Class 2A wrestling: Central's Klein rallies late

Class 2A wrestling: Central's Klein rallies late

CHAMPAIGN — The line on wrestler Brandon Klein’s Thursday state tournament match at State Farm Center shows a pin in 5 minutes, 59 seconds.

It doesn’t show that the Champaign Central senior was scoreless during the first 51/2 minutes of the 6-minute bout.

He got on the scoreboard in the final 25 seconds of his Class 2A 182-pound bout when opponent Alex Schwickrath, from Wauconda, was called for stalling, creating a 1-1 tie.

Unable to escape, Klein instead executed a reversal with four seconds left and turned Schwickrath to his back for a pin.

It was by design that he kept the match low-scoring.

“I’m getting over the stomach flu and don’t have a lot of gas in the tank to do stuff to score points,” he said. “I had to be defensive. I didn’t have the energy or stamina to be offensive.”

A year ago, Klein was a state-meet spectator. His season ended before Christmas with an injury. Thursday’s win was his first at state. Klein was 0-1 in his freshman appearance.

“I wanted to make an impression,” he said.

Central coach Merle Ingersoll wasn’t worried as the final seconds were ticking down and his junior was still scoreless.

“I’ve seen him catch guys,” Ingersoll said. “He knows he can pull it out at the end. He waits for that opportunity.”

Klein was one of the two area 2A athletes to move into the quarterfinals, which will start Friday at 11 a.m.

Teammate Toby Rivera (220) advanced in similar fashion.

Tied with Washington’s Jake Godinez 3-3 after regulation, Rivera collected a takedown, put his opponent on his back and won by pin in 6:39.

Like Klein, he earned his first career win at state. Rivera scored the match’s first takedown.

“That gives you a better advantage,” he said, “because you can break them down. He’s one of the strongest kids I’ve wrestled.”

As the match went into the extra 1-minute session, Ingersoll recalled the words he told Rivera midway through the season.

“It was the end of practice, and he was saying he was worn out,” Ingersoll said. “I told him to run 10 more sprints.”

Now, whenever his senior 32-match winner has an OT bout and complains about feeling drained, Ingersoll reminds him, “You should have run those sprints.”

Danville’s Javeonte Crider (120) scored the most points in two of three periods, but his 5-0 deficit after two minutes was too great to overcome in a 5-4 loss to Vernon Hills’ Jordan Reich.

“That kid was beatable,” Danville coach Terrence Tetter said, “and if we’d had any other ref, there’d have been three or four stalling points (instead of two). If we’d had one more point, it would have been a wrestling match instead of stalling match.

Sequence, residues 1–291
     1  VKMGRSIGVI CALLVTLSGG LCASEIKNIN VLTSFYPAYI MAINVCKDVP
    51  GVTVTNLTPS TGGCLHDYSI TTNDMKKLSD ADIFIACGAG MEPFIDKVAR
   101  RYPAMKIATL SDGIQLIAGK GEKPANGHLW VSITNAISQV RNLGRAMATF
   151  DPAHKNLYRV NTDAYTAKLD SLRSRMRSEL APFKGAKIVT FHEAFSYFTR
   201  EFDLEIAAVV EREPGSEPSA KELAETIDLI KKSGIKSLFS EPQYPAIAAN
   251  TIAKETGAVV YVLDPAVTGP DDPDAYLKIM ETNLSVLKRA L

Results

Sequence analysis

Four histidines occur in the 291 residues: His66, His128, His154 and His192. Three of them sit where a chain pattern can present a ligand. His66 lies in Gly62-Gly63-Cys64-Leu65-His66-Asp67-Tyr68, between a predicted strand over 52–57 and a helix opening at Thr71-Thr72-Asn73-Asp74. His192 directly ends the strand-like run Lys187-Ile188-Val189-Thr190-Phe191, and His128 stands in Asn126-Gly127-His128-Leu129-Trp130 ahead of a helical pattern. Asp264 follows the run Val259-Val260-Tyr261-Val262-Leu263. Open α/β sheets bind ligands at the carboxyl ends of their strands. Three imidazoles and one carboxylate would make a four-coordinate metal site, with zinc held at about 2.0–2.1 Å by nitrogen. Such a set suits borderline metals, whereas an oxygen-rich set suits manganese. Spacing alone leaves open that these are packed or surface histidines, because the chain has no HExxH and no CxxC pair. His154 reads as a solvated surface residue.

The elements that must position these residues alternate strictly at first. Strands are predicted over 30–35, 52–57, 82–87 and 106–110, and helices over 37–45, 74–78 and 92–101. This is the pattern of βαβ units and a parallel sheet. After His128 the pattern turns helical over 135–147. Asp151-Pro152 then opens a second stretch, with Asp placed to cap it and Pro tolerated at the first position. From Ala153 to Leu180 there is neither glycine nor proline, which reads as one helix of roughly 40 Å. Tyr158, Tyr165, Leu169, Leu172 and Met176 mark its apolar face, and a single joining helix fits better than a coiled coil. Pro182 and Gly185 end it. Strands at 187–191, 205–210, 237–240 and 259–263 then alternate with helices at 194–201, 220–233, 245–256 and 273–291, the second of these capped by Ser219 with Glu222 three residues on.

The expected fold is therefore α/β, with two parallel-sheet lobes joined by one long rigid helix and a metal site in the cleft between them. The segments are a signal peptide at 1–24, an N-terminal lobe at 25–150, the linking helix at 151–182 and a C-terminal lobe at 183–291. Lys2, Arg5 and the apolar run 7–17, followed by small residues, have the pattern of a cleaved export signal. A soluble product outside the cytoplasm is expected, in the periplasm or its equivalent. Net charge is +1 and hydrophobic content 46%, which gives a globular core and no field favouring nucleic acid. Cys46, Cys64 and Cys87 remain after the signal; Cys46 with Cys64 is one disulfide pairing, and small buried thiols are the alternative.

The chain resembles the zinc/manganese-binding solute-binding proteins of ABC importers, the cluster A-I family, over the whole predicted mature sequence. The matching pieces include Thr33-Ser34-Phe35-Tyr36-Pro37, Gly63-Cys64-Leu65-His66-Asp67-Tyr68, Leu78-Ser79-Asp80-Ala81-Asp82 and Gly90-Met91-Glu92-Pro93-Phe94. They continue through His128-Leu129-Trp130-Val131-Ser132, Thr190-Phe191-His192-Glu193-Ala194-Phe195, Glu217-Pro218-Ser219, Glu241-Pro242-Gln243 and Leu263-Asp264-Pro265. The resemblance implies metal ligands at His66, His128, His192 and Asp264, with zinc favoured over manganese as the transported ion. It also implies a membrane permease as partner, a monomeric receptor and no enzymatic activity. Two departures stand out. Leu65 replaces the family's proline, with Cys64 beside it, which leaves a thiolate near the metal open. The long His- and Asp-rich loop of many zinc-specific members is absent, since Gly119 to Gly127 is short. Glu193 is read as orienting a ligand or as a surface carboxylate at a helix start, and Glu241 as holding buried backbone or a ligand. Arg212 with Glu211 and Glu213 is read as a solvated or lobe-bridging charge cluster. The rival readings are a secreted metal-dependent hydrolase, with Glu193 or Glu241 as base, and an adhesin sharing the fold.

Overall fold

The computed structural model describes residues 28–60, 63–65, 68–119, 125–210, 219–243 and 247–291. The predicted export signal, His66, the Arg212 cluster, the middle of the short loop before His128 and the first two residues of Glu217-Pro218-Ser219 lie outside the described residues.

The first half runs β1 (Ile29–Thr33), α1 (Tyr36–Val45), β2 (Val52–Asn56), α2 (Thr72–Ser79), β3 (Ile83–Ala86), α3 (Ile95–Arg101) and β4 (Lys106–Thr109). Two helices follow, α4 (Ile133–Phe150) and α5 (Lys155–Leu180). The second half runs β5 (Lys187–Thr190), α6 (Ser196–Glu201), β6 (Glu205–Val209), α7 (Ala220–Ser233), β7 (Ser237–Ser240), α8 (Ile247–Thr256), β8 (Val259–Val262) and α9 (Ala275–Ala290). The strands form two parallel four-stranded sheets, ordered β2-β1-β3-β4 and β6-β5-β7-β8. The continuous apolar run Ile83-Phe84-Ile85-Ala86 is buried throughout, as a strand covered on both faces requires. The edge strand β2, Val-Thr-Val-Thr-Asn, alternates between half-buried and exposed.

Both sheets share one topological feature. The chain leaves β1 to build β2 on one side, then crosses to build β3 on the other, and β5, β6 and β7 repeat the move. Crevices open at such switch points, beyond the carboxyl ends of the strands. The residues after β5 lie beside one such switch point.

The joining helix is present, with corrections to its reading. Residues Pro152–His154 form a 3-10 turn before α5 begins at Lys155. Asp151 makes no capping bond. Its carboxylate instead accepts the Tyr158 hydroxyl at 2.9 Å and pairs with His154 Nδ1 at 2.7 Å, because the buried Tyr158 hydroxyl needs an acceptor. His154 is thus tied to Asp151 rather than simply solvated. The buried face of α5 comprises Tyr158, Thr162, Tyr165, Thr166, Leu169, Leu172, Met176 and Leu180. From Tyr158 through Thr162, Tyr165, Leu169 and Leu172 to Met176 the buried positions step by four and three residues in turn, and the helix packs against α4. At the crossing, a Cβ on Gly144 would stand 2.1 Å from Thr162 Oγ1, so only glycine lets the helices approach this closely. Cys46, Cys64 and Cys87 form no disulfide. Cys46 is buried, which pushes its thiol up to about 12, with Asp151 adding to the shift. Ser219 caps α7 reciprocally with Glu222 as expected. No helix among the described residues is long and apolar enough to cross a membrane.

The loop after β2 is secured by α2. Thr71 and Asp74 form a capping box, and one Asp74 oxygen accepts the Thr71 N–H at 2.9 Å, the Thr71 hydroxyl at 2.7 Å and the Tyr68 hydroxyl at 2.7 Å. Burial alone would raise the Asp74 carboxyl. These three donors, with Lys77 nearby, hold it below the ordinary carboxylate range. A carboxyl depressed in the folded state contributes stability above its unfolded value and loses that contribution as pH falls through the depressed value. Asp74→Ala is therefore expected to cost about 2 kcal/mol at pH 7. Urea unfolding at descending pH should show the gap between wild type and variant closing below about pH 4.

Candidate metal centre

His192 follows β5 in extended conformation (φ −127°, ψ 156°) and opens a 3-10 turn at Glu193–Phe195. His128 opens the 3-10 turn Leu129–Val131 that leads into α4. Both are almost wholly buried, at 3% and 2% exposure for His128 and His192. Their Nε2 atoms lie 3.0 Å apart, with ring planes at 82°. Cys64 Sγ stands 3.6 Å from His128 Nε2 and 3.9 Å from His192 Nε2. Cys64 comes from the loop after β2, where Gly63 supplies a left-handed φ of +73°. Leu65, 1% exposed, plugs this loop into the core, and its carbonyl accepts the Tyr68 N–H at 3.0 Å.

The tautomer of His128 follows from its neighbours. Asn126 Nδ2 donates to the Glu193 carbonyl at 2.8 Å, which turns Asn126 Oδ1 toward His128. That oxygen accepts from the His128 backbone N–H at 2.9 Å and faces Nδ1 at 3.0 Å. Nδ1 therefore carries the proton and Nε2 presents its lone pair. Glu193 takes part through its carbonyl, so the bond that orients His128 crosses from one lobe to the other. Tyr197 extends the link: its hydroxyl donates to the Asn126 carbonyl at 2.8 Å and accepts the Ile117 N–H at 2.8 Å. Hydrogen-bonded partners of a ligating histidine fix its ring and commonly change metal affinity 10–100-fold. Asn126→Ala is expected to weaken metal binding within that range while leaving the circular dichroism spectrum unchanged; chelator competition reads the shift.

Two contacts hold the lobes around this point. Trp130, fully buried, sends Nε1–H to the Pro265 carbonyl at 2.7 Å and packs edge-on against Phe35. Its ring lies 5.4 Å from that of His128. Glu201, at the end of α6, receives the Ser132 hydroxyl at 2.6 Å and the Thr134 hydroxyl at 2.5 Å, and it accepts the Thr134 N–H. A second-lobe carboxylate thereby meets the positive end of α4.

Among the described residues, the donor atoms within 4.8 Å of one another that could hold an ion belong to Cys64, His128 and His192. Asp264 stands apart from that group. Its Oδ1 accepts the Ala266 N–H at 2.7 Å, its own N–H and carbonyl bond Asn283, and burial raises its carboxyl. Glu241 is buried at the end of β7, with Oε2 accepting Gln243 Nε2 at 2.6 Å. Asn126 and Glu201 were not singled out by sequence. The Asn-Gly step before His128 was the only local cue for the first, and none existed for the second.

“It hurts more (than a first-round loss in 2013) because he did better and is ready to take it to the next level.”

Urbana’s Demetrius Jackson built a 4-1 first-period lead over Pontiac’s Stephen Richardson but was pinned in 3:59.

“He (Jackson) has only wrestled three years and is becoming a more complete wrestler,” Urbana coach Charles Trabaris said. “He has great natural ability and is really quick. Overall, he wrestled pretty well until the end.”

Richardson was leading 7-5 at the time of the pin.

Tyler Dicken dropped a 19-3 decision in the first match for the Westville/Salt Fork/Georgetown-Ridge Farm co-op to have at state in 2A.

“He went for it. He tried,” coach Trevor Maloch said. “It’s an achievement to be here, and he didn’t hold back. He’s one of the top 16 in 2A.”

Mahomet-Seymour’s two entries both lost. Kolton Taylor (126) suffered a 10-4 loss to Geneseo’s Hunter Grau despite getting the first takedown.

“I felt like he got out of our game plan. He didn’t attack like we normally do,” M-S coach Rob Ledin said. “You have to be ready to wrestle out of the gate. You can’t make excuses.”

Teammate Derek Grant (170) was in a 2-2 second-period deadlock with Fenwick’s Michael Kozyra but lost 8-3.

The area’s other 2A qualifier, Central’s Riley Staab (106) lost by technical fall to Montini’s James Pawelski.

“Riley didn’t wrestle like he’s capable, but we hope he’ll get to make amends in wrestlebacks,” Ingersoll said.